Peter Herrmann
Social Policy in Context



 

Rozenberg
European Diversity Series
16,5 x 24 cm
146 pag.
€ 18,50
ISBN 978 90 3610 160 8
2009
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Social policy is widely accepted as scientific discipline – and this includes that it accepts for itself another meaning of this status, one which is usually not considered: the subject is disciplined, i.e. regimented. One important point is in this context that social policy is focused and thereby forgetting systematic economic determinants and also the historical perspective on its own existence.
The present book recalls some fundamental issues – as in the first chapter the partial liberation of human decision making from extramundane powers – and looks as well at topics as they are discussed in contemporary settings as the European Model and empowerment.

The volume brings in an insightful way different dimensions together and is a stimulating reading for those who are ready to engage with the complexity of political questions, looking for instruments for an analysis that reaches beyond “yesterday’s solutions for the problems we don’t really know anyway”.

CONTENTS

Postscript from 2009 as Introduction – A Rather Personal Conclusion
Time to Say Good-Bye
I. Ruling between God, Government and People
Introduction
State and Society – The Independent Dependent
From Devine to Secular Steering – Shifting the Contradiction
The Succession of Rationality
Law – Reflecting on Human’s Relationship to Reality
Legal Perspectives and the State I
Governance – Refining the Social?
Legal Perspectives and the State II
Outlook
II. Locating Shifts of Governing and Governance – Theoretical Background Considerations and Framing Political Case Studies
1. Theory of Government in the Perspective of a Philosophy of Law
Introduction
State and Society – The Independent Dependent
From Devine to Secular Steering – Shifting the Contradiction
The Succession of Rationality
Law – Reflecting on Human’s Relationship to Reality
Legal Perspectives and the State I
Governance – Refining the Social?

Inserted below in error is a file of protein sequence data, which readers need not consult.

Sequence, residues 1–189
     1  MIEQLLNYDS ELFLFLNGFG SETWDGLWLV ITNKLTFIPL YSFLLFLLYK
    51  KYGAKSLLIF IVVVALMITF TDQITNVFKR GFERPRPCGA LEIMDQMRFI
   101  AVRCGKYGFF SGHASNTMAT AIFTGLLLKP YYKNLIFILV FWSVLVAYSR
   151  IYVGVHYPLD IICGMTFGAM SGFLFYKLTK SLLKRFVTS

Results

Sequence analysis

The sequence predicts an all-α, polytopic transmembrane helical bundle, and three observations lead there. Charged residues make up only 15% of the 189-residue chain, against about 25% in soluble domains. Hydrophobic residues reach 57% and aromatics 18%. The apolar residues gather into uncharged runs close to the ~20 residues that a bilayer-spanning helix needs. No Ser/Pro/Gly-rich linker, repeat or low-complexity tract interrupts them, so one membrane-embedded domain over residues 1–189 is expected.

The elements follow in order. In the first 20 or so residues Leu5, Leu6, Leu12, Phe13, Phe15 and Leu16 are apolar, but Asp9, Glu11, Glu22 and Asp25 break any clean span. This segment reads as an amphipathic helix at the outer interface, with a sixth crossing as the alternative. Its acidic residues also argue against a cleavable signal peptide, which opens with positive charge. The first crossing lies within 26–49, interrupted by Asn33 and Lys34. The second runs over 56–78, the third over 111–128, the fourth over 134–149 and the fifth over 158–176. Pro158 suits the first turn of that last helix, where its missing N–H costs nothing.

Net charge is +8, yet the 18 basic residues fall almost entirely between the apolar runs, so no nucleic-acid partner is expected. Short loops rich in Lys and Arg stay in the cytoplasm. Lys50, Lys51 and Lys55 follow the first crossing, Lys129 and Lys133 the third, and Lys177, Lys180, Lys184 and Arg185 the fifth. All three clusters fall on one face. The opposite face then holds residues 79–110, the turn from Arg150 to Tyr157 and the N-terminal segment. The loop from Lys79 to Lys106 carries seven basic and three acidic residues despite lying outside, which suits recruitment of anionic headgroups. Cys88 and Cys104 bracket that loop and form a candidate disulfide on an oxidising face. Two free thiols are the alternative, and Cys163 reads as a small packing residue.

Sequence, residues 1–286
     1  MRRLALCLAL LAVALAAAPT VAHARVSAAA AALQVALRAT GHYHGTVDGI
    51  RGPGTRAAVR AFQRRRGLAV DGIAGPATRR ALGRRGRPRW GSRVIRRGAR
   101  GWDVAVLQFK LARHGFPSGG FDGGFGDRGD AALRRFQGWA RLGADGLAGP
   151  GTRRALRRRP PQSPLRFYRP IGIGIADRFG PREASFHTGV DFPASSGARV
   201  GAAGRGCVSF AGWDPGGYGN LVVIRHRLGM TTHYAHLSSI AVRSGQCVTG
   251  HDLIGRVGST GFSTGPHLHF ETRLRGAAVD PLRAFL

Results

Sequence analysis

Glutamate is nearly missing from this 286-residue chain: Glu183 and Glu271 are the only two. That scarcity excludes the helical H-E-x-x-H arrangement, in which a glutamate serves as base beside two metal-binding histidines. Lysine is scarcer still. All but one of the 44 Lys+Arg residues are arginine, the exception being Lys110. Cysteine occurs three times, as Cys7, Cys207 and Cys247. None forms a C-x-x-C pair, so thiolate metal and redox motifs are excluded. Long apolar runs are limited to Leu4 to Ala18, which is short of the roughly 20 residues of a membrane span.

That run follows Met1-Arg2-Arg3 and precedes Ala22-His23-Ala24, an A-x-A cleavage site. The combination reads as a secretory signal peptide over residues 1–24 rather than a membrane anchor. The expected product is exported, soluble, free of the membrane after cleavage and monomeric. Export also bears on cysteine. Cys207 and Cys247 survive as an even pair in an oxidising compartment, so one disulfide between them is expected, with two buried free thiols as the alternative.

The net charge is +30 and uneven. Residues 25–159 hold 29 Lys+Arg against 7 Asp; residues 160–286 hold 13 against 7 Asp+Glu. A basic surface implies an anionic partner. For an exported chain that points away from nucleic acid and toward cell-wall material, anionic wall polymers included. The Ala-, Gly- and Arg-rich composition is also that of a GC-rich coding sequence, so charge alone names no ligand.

Legal Perspectives and the State II
Outlook
2. Governance, New Public Management, Social Quality Development – Perspectives on Contemporary Debates in Policy-Development
Point of Departure
Three Strands of Debate
Strategies of Changing Politics – Governance in the European Union
Strategies of Changing Policies – New Public Management and Public-Private-Partnerships
Strategies of Changing Focus – The Social Quality Approach
Concluding remarks
III. European Social Model – Existence, Non-Existence or Biased Direction
Introduction – Models and Reality
Being Social and Social Being
Practice – Appropriation and Appropriateness
The Economy and the Social
A “European State”
The development of European Social Policy Orientations
OMC – dual strategy
Outlook
Postscript
IV. European Social Policy – A Different Perspective
Introducing Remark
The Political-Economic Context
Early Programme Initiatives
Excursus: The “Irish Coup”
From Social Policy to Civil Dialogue
The Shift of Amsterdam and the Failure of Lisbon – Disappointed Expectations
Socialisation of Services versus Servicialisation of the Social
Outlook – Two Steps Back, and One Step Forward
V. Social Empowerment – A Matter of Enabling Society to Cope with Personalities Empowerment – Terminological Remarks
Dimensions of Empowerment
Aspects of an individualist approach to empowerment
Aspects of empowerment as a societal matter
Social Empowerment – a Different Concept
Welfare State and Welfare Society – Challenges for a Global Political Shift
VI. Empowerment – processing the processed
I.Introduction – Localising Empowerment
II. Reflecting Empowerment – The Light of Previous Debates on Social Quality
Introduction
Approaches to empowerment
III. Empowerment – its relevance in European politics
III.a. Power as Marketability
III.b. Individualism and liberalism
III.c. The American Turn of the EU Social Model
III.d. The Manageralisation
IV. A critical review empowerment as a matter of control over living conditions and life
V. Domains and dimensions – developing an analytical tool
VI Domains and Indicators – the step to operationalisation
VII Conclusions and Challenges

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